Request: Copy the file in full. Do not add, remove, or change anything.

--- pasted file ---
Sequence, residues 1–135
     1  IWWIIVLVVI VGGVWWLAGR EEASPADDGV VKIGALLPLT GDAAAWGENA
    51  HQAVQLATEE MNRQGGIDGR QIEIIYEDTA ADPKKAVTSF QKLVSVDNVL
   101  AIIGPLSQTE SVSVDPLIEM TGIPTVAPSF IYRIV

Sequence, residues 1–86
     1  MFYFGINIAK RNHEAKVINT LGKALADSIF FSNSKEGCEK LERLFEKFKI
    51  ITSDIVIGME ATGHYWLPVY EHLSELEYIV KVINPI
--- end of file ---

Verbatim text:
Sequence, residues 1–135
     1  IWWIIVLVVI VGGVWWLAGR EEASPADDGV VKIGALLPLT GDAAAWGENA
    51  HQAVQLATEE MNRQGGIDGR QIEIIYEDTA ADPKKAVTSF QKLVSVDNVL
   101  AIIGPLSQTE SVSVDPLIEM TGIPTVAPSF IYRIV

Sequence, residues 1–86
     1  MFYFGINIAK RNHEAKVINT LGKALADSIF FSNSKEGCEK LERLFEKFKI
    51  ITSDIVIGME ATGHYWLPVY EHLSELEYIV KVINPI